A recent commentary, penned by a group of conservation and primate experts, asks the international community to take action to protect the great apes from potential SARS-CoV-2 infection.
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The COVID-19 pandemic has touched almost every corner of the globe. Authorities are battling to slow its spread, and human health has rarely been more acutely in the spotlight.
Some scientists, meanwhile, are asking whether this novel virus might impact nonhuman animals, too.
Experts believe that SARS-CoV-2 originated in animals and passed to humans. Most researchers now believe that it began in bats, then passed into pangolins before infecting humans.
However, it is not clear whether this virus might move from humans into other animals, in a process is called reverse zoonosis.
Scientists have already shown that great apes are susceptible to human respiratory infections, such as human rhinovirus C, one virus that can cause the common cold.
Because many apes in this group, which includes chimpanzees, bonobos, orangutans, and gorillas, are already endangered, experts are concerned that COVID-19 could devastate populations.
Authored by 25 scientists, a recent commentary published in Nature raises the alarm.
One of the authors, Thomas Gillespie, Ph.D., a disease ecologist at Emory University, in Atlanta, GA, explains that the COVID-19 pandemic is “a potentially dire situation for great apes. There is a lot at stake for those in danger of extinction.”
To date, scientists do not know exactly how apes will respond to SARS-CoV-2, as the authors outline:
“It is unknown whether the morbidity and mortality associated with SARS-CoV-2 in humans are similar in apes. However, transmission of even mild human pathogens to apes can lead to moderate-to-severe outcomes.”
The authors reference an outbreak of a different coronavirus in 2016. This particular virus, known as OC43, impacted a group of wild chimpanzees in Côte d’Ivoire, West Africa. Over a 2-month period, nine individuals in a group of 33 chimpanzees demonstrated symptoms, such as coughing and sneezing.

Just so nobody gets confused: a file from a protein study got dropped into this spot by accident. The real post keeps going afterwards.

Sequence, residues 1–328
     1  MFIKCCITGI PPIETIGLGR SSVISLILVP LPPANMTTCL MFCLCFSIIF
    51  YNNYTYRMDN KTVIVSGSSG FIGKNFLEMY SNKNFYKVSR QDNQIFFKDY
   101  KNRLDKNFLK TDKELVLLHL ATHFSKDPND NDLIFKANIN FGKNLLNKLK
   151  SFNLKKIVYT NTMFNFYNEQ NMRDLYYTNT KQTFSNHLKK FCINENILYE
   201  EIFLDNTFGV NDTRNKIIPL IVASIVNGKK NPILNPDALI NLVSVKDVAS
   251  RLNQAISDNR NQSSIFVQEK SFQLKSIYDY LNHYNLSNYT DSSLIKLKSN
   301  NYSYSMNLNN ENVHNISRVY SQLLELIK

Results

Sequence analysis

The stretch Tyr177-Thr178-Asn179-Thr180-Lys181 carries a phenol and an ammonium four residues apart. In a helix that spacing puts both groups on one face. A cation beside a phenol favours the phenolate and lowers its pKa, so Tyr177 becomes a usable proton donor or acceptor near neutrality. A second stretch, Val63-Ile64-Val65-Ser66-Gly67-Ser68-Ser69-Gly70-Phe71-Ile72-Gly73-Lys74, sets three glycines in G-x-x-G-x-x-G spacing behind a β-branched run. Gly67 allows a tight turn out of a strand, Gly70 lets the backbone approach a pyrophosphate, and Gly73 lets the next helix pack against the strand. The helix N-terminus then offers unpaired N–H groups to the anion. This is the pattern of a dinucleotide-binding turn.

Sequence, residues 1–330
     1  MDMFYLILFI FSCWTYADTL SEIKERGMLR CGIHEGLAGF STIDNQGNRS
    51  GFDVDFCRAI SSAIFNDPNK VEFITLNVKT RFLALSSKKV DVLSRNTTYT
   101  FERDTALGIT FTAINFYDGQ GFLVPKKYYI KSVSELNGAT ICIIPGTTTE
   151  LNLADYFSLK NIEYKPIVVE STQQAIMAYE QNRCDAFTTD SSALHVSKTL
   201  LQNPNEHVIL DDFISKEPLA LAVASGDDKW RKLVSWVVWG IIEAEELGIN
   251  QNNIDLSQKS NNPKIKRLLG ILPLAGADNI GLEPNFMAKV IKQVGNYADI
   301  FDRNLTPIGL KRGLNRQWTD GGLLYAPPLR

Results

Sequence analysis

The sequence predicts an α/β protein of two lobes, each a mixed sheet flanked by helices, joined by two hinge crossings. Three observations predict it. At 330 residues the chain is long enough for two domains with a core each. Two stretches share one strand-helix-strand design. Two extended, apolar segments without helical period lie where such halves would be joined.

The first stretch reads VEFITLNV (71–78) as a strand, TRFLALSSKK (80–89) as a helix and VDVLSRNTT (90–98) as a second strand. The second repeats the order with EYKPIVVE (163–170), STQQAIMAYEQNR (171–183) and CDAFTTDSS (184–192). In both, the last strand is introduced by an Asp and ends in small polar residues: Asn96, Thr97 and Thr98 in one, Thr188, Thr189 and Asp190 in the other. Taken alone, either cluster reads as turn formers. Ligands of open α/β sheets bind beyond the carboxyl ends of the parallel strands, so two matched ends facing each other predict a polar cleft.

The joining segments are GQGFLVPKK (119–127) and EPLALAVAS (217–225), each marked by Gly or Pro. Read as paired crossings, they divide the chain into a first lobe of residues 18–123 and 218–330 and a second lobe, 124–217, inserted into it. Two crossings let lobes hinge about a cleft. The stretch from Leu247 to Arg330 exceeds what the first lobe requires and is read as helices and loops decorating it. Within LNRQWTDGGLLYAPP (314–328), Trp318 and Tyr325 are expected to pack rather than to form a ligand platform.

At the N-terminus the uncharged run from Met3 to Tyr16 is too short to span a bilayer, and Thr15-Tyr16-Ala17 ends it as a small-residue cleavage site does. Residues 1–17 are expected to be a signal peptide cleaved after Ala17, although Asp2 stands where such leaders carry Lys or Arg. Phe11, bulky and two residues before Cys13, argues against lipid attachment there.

Similarly, in 2013, there was a lethal outbreak of human rhinovirus C among wild chimpanzees in Uganda. Throughout the year-long outbreak, most became sick, and five of the 56 chimpanzees died.
As the authors acknowledge, great ape tourism has declined steeply as COVID-19 has progressed, and some countries have already suspended this type of activity.
However, the authors believe that more should be done to safeguard these at-risk animals; they write:
“We urge governments, conservation practitioners, researchers, tourism professionals, and funding agencies to reduce the risk of introducing the virus into these endangered apes. They can do this by applying the International Union for Conservation of Nature’s best-practice guidelines for health monitoring and disease control in great ape populations.”
The authors also suggest that those involved should carry out risk assessments: There is a concern that if these animals are left without guardians, poaching could increase significantly.
“Essential staff need to remain in place,” says Gillespie. “But we need to make sure that staff numbers are low and that they are engaged in proper processes to protect themselves, and the apes, from exposure to COVID-19.”
Some people with SARS-CoV-2 infections experience mild or no symptoms. These people, Gillespie explains, “are more apt to be hiking into the national parks of Africa and Asia to see great apes in the wild.” He continues, “It would be extremely difficult to monitor whether they were infected with COVID-19, since they may not have obvious symptoms.”
In a press release from Emory University, the authors write, “As professionals working with great apes, we bear a responsibility to protect them from our pathogens. We hope for the best but should prepare for the worst and critically consider the impact of our activities on these endangered species.”
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